I share all of this because when Kate started talking about paying attention to the quality of our transitions it brought me back to the truth that ultimately the key here is purity of intention. What is my intention when I step onto my yoga mat, and can I remain conscious of this throughout my practice? How do I remain conscious that not only am I embodying my intention when I take child’s pose in the middle of my practice, but that my child’s post is an integral and essential part of staying true to my intention in a way that pushing through the practice to the detriment of my health never can be? All of these questions and their answers can be applied to life off the yoga mat too of course, and I am finding answers and hidden truths in the most unexpected places.

Last night I attended a Native American poetry reading. Four Native American poets who have poems published in an anthology of Native American poetry from California shared their poetry. Much of the poetry that they shared was about the natural world and their connection to it. But what struck me most was the purity and clarity of their intention. One of the women came from a tribe called People of the Meadow. They used to live in the mountains all summer, returning to foothills and plains in the winter. During the gold rush 85% of her tribe was entirely obliterated. She said that she is often amazed that she is standing here today. And yet she is, and she is here with the intention to carry forward stories of connection, community, love, prejudice, fear, pain, courage and justice with integrity and purpose — sharing it with others without blame or bitterness, but with the intention of inspiring healing, connection, understanding, and, ultimately, bringing about positive change. Another of the readers shared that he is the nephew of the last member of his tribe to speak his native tongue. He shared that his aunt spent the last five years of her life at the Smithsonian working with anthropologists and linguists recording her language and documenting it so that it can continue to be learned and shared with future generations. A third woman shared how she has been learning her native tongue as an adult — re-learning the language of her people after it had been lost because they had been forbidden to speak their native tongue to their children. The intention of all of the readers came across crystal clear in the poetry that they shared. They were using poetry to reach out, forgive, invite us to connect, and share the wisdom that they have kept sharing even when nobody was listening.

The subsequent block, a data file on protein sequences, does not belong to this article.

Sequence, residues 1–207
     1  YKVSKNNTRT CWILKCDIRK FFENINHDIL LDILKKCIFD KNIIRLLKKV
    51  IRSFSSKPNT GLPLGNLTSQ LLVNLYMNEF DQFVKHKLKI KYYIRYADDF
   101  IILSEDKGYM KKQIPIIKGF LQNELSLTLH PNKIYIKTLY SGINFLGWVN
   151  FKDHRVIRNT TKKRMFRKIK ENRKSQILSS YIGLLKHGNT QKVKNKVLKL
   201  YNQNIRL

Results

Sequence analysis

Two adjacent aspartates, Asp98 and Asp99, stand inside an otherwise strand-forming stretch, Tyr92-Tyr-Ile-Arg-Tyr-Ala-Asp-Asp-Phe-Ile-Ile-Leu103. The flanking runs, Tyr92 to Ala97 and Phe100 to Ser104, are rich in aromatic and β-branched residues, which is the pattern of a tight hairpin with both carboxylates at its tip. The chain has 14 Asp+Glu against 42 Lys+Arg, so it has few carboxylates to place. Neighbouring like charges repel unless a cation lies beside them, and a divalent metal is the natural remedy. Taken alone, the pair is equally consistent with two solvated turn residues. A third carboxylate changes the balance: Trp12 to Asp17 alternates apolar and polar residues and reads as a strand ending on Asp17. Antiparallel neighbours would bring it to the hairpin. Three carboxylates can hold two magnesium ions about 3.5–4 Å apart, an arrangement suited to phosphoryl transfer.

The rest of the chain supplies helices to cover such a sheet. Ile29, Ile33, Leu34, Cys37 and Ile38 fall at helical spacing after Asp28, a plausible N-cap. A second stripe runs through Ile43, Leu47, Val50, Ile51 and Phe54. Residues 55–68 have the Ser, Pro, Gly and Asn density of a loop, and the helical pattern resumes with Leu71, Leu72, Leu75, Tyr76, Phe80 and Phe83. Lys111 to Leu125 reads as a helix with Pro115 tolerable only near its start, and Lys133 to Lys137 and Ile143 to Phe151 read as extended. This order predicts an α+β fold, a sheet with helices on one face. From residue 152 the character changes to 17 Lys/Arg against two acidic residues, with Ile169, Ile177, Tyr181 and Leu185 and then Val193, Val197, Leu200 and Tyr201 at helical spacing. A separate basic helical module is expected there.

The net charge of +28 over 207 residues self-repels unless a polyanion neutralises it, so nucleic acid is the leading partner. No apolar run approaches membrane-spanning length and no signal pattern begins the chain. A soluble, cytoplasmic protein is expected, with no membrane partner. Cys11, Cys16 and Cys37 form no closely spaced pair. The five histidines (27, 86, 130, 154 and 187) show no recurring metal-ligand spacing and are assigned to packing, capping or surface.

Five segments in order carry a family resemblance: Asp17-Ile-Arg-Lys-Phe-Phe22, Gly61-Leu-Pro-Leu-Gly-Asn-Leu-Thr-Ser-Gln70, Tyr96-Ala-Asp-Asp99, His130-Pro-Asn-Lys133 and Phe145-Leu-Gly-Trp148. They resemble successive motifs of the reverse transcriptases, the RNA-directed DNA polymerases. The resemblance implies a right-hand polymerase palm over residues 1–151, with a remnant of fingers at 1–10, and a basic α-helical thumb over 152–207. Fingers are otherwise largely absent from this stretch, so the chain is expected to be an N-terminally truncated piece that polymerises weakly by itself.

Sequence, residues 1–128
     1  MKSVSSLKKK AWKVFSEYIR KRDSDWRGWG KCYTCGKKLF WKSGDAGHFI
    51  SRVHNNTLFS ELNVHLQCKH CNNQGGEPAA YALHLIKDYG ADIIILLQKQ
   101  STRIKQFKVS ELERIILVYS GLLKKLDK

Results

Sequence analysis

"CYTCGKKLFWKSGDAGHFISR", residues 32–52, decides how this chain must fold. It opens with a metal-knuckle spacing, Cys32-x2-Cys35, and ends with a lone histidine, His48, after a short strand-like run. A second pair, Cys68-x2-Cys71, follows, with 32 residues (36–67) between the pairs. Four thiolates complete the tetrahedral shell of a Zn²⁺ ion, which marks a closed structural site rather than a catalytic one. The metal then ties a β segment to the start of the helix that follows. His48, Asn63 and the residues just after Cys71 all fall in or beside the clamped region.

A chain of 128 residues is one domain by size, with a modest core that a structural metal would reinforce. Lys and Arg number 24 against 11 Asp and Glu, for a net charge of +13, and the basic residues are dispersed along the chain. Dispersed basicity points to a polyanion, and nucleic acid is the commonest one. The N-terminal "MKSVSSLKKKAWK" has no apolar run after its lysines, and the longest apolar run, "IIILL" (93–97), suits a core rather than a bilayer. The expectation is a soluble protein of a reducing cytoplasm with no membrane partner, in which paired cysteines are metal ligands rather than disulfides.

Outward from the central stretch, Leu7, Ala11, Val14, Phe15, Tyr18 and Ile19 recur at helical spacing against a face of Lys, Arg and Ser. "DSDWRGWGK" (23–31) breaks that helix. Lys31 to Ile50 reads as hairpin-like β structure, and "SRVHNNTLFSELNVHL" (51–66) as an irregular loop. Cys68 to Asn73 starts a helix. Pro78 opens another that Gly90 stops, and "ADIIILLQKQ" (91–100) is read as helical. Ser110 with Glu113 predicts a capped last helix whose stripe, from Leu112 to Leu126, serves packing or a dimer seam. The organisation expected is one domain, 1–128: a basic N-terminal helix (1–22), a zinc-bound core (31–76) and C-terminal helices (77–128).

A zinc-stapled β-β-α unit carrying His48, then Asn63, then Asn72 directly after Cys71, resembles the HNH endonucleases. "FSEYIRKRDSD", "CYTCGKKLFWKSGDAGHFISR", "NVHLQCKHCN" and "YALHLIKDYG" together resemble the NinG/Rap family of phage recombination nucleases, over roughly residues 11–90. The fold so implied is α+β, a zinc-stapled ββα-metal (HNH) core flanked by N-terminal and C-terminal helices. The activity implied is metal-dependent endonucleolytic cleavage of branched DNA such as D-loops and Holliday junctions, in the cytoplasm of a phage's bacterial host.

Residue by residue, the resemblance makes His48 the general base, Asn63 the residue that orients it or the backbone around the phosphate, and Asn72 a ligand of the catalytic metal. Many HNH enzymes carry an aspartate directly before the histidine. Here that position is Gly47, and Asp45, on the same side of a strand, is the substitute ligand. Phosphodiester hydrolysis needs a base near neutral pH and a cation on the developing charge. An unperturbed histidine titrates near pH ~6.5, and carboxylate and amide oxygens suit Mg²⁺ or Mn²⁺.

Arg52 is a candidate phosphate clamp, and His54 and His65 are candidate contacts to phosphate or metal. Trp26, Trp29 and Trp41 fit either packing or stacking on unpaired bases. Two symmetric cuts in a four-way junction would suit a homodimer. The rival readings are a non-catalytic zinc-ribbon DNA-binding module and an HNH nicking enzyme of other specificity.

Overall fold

Listening to the language that the poets used last night also reminded me how essential the precise words we use to describe our experience are to the quality of the experience. Referring to the earth as Mother Earth, for example establishes an underlying expectation that the relationship will be based upon love and respect. In yoga I notice that the simple act of telling myself that I am “flowering” my fingers up into the sky as opposed to simply stretching or reaching upwards changes the entire experience of the pose. The other day Kate shared the idea that rolling onto our side in fetal position before moving out of our practice was a good way to pause a moment, absorb everything that we had just asked our bodies to do, and then be aware that if we choose to, all our thoughts and interactions for the rest of the day can be shaped by what we learned in our practice. As such that last pose is a preparatory pose for a re-birth of sorts — a letting go of previous ways of thinking and an embracing of new ways of being.

Back in the yoga studio yesterday evening balanced on one very shaky leg with sweat pouring down my face and dripping onto an already drenched mat, my thoughts drifted to worry about losing my balance; uncertainty about how much longer I was going to be able to hold my leg up in the air, and irritation at how hot the room was getting. All of a sudden the music changed and a Brazilian love song started playing. The change of pace pulled me out of my train of thought and I looked up and caught Kate smiling. Nothing like some playful Brazilian music to remind us to not take things so seriously. To loosen up. Breathe. Let go. Be present.

Here’s to becoming more aware of our intentions this week friends. And to finding ways to be more playful. Because as Richard Lingard said, “you can discover more…in an hour of play than in a year of conversation.”